New blade helps women diagnosed with breast cancer

New blade helps women diagnosed with breast cancer

Posted: Updated:

A new advancement in the operating room promises to help women diagnosed with breast cancer.

A new, souped-up scalpel called the ‘plasma blade’ is said to speed up surgery and recovery. Dr. Peter Blumencranz, who has been doing breast surgery for over 30 years, says the procedure is effortless and clean.

“It’s a light touch, like butter,” said Blumencranz. “It’s very neat and I think it’s saved us time in the operating room because we are not passing instruments back and forth.”

Blumencranz uses the plasma blade to isolate lymph nodes, then sends them to the lab to make sure the cancer hasn’t spread.

A.J. Farrell, a patient of Blumencranz, believes the plasma blade helped her recover quicker than expected from the surgery. “I feel wonderful. My surgery was a week ago yesterday,” she said. “I’ve got all kinds of energy, no pain, no discomfort.”

Doctors are also using the plasma blade for plastic, reconstructive, and orthopedic surgery.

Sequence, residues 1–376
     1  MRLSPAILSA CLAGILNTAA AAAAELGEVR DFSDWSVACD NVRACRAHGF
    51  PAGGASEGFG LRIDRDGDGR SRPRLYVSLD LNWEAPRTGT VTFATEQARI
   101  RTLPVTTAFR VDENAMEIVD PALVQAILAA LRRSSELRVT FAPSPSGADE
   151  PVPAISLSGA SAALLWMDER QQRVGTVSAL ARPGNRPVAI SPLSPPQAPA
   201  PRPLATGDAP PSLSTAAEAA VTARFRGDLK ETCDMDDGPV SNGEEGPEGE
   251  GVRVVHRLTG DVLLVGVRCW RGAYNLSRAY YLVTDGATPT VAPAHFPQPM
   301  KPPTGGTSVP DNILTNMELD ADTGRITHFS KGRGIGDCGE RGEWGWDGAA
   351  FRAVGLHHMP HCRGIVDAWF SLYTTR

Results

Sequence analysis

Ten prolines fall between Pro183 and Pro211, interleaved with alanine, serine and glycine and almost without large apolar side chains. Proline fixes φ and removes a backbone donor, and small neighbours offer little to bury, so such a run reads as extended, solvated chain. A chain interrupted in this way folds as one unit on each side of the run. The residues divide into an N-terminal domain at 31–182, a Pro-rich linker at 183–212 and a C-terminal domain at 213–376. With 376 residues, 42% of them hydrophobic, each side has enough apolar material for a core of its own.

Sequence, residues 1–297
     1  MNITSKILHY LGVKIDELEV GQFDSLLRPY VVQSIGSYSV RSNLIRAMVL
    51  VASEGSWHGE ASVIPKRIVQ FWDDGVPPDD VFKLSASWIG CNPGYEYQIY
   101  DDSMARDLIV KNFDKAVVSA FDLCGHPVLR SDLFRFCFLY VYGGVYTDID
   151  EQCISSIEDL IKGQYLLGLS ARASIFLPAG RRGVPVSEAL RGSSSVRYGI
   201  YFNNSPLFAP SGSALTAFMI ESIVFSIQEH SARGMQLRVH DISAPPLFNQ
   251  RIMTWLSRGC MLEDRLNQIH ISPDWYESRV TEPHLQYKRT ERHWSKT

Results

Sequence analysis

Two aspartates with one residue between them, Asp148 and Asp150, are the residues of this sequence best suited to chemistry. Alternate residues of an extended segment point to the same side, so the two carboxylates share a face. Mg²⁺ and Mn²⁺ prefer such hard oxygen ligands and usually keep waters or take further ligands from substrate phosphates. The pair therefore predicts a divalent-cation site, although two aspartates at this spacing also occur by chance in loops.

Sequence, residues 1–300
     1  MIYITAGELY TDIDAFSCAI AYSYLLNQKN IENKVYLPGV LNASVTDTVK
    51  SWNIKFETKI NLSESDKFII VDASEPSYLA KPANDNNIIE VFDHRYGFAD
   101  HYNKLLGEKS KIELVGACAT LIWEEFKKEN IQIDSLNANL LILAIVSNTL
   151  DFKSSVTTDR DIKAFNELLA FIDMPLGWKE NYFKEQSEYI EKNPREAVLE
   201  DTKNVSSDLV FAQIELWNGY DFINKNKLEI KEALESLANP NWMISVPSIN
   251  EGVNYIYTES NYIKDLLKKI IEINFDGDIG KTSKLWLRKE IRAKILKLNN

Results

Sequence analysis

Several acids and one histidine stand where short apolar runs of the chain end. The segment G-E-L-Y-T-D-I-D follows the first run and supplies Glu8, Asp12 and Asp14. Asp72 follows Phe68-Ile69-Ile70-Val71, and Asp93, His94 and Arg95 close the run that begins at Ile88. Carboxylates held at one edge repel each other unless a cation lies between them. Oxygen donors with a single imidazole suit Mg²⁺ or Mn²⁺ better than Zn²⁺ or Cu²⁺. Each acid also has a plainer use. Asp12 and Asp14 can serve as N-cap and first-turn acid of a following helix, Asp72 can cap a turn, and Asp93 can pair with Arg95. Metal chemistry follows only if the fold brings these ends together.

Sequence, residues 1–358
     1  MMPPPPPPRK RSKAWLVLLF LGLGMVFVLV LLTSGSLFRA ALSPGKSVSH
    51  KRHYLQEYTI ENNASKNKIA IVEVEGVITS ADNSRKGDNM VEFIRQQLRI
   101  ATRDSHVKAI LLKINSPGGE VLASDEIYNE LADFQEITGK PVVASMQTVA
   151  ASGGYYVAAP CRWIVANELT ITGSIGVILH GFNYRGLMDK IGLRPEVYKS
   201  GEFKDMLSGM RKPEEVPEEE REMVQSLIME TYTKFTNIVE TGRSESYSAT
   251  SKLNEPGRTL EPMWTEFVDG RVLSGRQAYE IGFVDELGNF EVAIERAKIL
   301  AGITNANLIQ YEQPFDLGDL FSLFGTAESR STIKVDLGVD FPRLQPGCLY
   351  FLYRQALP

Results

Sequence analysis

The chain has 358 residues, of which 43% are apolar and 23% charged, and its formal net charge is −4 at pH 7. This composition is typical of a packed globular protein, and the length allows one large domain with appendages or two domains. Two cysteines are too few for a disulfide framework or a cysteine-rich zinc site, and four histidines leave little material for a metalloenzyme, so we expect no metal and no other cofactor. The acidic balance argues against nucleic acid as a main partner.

• HealthMore>>

  • The power of music

    The power of music

    Monday, July 21 2014 6:20 PM EDT2014-07-21 22:20:39 GMT
    Music is a powerful force that impacts how we feel, think and react to many things in life. Music has healing power, sets a mood and even influences how we eat and shop. Whether you're at the grocery store or shoe shopping, there's usually music on. Music is everywhere and we can listen to whatever we want.
    Music is a powerful force that impacts how we feel, think and react to many things in life. Music has healing power, sets a mood and even influences how we eat and shop. Whether you're at the grocery store or shoe shopping, there's usually music on. Music is everywhere and we can listen to whatever we want.
  • Waistlines of U.S. kids seem to be holding steady

    Waistlines of U.S. kids seem to be holding steady

    The waistlines of America's children and teens may have stopped expanding, a new study indicates.
    The waistlines of America's children and teens may have stopped expanding, a new study indicates.
  • Good schools may be good for a teen's health, too

    Good schools may be good for a teen's health, too

    Low-income teenagers who get into a more rigorous high school may take fewer health risks than their peers at other schools, a new study suggests.
    Low-income teenagers who get into a more rigorous high school may take fewer health risks than their peers at other schools, a new study suggests.
Powered by WorldNow

4739 NW 53rd Avenue, Sutie B
Gainesville, FL 32653

Phone: (352) 371-0051

Didn't find what you were looking for?
All content © Copyright 2000 - 2014 Fox Television Stations, Inc. and Worldnow. All Rights Reserved.
Privacy Policy | Terms of Service | Ad Choices